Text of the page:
Cuban revolutionary leader Fidel Castro turns 90 on Saturday in an island transformed from the one he led for half a century.
Both loved as a hero and hated as a dictator, Castro is one of the giant figures of modern history.
He defied 10 US presidents during his 48 years in power, but in the decade since he stepped aside Cuba has become a different world. His sworn foe, the United States, is no longer officially Cuba's enemy.
Now white-bearded and frail, Castro was a strapping 32-year old in green fatigues when he led a rebel force that drove out dictator Fulgencio Batista in 1959.
His image as a revolutionary warrior storming down from the mountains, rifle in hand, stirred his admirers' imagination. His communist policies and iron-fisted treatment of rivals drew the hostility of the United States and other Western powers.
His voice used to boom out over Havana in speeches that lasted hours. Nowadays he is rarely heard from, though his face still smiles out from countless billboards across the Caribbean island.
No official public events were scheduled to mark his birthday and there was so far no word from the former president himself, who spends his days out of sight at home.
But his friends and enemies on the streets of Havana and beyond are fully aware of the significance of the date.
A birthday visit by Cuba's top regional ally, socialist President Nicolas Maduro of Venezuela, has not been ruled out.
"We will be celebrating the 90th birthday of that immortal man," Maduro said.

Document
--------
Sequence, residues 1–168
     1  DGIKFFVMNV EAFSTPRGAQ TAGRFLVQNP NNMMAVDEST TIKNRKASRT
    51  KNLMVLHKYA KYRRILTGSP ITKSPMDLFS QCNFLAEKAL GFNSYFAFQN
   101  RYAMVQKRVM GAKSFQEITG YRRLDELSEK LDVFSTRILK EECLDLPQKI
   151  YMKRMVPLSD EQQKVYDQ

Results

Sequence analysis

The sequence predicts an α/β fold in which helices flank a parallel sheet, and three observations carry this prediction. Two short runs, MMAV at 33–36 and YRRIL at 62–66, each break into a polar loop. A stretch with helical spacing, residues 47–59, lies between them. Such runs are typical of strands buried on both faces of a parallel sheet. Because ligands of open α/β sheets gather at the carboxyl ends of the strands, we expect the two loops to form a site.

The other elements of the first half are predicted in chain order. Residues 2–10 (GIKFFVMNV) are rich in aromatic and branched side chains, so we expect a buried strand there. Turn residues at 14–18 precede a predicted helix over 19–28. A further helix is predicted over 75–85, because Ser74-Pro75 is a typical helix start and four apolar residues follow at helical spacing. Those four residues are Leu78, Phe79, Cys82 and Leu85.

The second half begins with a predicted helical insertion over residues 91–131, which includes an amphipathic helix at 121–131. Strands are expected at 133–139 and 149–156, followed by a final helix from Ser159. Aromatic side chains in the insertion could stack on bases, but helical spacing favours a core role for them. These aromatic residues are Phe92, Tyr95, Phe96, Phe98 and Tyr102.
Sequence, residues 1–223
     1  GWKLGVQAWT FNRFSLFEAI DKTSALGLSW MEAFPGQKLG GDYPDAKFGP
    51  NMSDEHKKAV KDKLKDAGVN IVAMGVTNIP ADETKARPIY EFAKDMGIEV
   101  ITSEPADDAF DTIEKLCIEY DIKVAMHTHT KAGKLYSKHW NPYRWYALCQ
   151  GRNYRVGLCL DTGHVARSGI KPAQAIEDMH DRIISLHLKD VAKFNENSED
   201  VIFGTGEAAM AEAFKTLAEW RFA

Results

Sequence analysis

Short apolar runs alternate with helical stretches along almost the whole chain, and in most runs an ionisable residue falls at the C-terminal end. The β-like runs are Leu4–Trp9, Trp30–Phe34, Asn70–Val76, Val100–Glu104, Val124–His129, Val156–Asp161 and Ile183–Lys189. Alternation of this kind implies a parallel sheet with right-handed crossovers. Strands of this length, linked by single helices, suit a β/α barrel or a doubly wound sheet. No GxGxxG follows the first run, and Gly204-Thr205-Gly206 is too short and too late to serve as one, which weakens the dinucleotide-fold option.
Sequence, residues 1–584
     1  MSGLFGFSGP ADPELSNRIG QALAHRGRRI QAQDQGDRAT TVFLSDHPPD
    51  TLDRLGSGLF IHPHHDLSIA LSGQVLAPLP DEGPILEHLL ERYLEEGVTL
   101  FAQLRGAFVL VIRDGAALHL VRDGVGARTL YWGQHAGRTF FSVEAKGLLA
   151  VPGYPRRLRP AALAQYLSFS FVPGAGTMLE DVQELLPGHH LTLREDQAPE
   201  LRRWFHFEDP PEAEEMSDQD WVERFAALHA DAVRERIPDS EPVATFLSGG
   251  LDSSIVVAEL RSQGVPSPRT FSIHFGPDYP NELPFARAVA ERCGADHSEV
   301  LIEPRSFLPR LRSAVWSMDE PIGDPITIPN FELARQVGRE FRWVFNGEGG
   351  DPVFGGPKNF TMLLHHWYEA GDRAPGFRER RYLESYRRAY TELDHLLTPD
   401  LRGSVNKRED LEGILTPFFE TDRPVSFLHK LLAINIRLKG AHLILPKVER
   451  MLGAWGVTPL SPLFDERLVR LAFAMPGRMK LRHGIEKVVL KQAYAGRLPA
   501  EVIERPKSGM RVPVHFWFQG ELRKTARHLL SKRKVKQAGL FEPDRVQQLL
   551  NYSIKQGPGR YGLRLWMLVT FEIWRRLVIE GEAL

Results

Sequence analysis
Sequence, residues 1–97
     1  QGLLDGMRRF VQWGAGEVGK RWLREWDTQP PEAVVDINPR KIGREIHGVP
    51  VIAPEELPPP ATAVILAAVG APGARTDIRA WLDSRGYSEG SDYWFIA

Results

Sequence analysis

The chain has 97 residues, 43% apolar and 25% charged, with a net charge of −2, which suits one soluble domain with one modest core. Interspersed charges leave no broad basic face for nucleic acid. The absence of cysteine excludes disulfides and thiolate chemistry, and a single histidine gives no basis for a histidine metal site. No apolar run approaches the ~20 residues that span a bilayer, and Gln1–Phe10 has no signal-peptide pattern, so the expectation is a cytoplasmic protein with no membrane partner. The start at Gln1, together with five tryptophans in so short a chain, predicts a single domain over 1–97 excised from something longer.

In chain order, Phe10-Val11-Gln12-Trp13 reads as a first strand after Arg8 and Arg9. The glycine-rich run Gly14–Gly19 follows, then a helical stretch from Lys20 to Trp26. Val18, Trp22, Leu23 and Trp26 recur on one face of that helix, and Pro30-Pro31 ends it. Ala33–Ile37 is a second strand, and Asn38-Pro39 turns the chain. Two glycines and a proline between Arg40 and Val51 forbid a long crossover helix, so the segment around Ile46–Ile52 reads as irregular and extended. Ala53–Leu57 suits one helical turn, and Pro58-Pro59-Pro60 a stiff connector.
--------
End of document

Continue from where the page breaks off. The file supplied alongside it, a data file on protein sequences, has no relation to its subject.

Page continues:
State newspapers on the communist island have for days been printing pictures and articles about him to mark his 90th year. Concerts have been played in his honor.
Fidel Castro retired from public life in 2006 due to ill health. He formally transferred the presidency to his brother Raul in 2008.
But Fidel continues to exert "an indirect influence through certain figures in the regime who are not comfortable with the reforms that Raul has made," said Kevin Casas-Zamora, a political scientist at Oxford University.
Raul, 85, has gradually opened up Cuba's economy and foreign relations. He has restored diplomatic relations with Fidel's old foe, the United States.
Such reforms were unthinkable when Cuba was a pro-Soviet state on the United States' doorstep during the Cold War.
Fidel gave free healthcare, housing and schooling to citizens on a poor island.
"Fidel is everything. He is sport, he is culture. He is rebellion. If Cubans are rebels, it is thanks to Fidel," said Manuel Bravo, a 48-year-old glazier.
But the former president's regime is also accused by rights groups of brutally repressing dissent by torturing and jailing opponents.
"I will remember him as a dictator," said Martha Beatriz Roque, 71, an anti-Castro dissident who was one of 75 opponents jailed in the "black spring" of 2003.
"He is the man of 'E's: egomaniacal, egotistical, egocentric," Roque said.
"I don't know whether I will be able to wish him a happy birthday."
Castro has reportedly suffered from intestinal illness in recent years. But official secrecy shrouds his condition.
He last appeared in public on April 19 at the close of the Cuban Communist Party Congress.
Dressed in a blue tracksuit and speaking in a trembling voice, he seemed to say goodbye.
"Soon I'll be like all the rest," he said. "Everyone's turn comes."
After US President Barack Obama visited Cuba in March, Fidel Castro recalled the island's long enmity with the US, including Washington's backing for the failed invasion of Cuba at the Bay of Pigs in 1961.
His bitterness over that botched CIA plot played a part in pushing the world to the brink of nuclear war during the Cuban Missile Crisis the following year. The Soviet Union agreed to his request to send ballistic missiles to Cuba.
"For most Latin Americans, Fidel Castro represents heroic resistance to the hegemony and control of the United States," said Peter Hakim, an international affairs expert at Inter-American Dialogue, a think tank.
"But I do not think he will be seen as a hero for much longer... The modern world has left him and Cuba behind."